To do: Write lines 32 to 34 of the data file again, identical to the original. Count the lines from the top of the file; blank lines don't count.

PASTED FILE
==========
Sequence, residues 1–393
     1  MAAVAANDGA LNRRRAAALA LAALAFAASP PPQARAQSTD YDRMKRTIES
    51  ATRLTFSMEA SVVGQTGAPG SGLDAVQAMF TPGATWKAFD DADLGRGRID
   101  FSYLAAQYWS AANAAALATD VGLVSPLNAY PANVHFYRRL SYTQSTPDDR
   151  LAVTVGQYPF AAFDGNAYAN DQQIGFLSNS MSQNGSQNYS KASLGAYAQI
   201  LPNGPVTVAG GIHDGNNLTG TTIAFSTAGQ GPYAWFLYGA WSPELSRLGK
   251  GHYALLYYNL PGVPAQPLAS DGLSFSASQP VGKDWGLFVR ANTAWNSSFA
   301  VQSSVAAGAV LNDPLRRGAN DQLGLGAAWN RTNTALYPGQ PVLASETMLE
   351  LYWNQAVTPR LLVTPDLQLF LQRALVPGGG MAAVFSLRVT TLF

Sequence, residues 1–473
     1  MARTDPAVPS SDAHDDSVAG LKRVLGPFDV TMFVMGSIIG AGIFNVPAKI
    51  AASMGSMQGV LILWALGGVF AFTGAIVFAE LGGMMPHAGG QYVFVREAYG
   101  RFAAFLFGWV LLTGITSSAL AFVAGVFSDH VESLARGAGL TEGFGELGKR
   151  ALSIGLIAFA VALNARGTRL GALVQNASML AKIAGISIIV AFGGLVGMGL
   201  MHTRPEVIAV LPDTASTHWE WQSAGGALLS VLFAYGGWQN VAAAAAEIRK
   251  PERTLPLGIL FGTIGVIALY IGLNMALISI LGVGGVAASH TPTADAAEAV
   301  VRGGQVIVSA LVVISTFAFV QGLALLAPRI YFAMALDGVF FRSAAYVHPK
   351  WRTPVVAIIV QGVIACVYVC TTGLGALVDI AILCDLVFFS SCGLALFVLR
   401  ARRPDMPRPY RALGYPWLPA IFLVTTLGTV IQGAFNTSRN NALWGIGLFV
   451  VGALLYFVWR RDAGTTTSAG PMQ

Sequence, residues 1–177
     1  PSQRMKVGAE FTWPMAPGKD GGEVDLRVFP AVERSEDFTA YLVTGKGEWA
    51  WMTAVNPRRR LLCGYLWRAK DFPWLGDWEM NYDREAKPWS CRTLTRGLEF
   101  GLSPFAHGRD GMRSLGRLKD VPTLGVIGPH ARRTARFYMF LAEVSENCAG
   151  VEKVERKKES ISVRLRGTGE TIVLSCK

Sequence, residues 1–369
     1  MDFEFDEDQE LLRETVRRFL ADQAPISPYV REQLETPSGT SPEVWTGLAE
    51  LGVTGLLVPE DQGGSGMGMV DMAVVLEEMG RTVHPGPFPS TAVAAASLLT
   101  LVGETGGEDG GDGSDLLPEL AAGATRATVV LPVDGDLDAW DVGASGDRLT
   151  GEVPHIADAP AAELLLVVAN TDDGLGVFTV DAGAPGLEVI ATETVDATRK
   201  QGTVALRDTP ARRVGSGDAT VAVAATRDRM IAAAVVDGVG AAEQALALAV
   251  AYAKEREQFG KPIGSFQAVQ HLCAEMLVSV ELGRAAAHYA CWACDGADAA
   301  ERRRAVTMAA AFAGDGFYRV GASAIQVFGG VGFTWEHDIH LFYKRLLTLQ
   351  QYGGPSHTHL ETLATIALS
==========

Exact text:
   251  AYAKEREQFG KPIGSFQAVQ HLCAEMLVSV ELGRAAAHYA CWACDGADAA
   301  ERRRAVTMAA AFAGDGFYRV GASAIQVFGG VGFTWEHDIH LFYKRLLTLQ
   351  QYGGPSHTHL ETLATIALS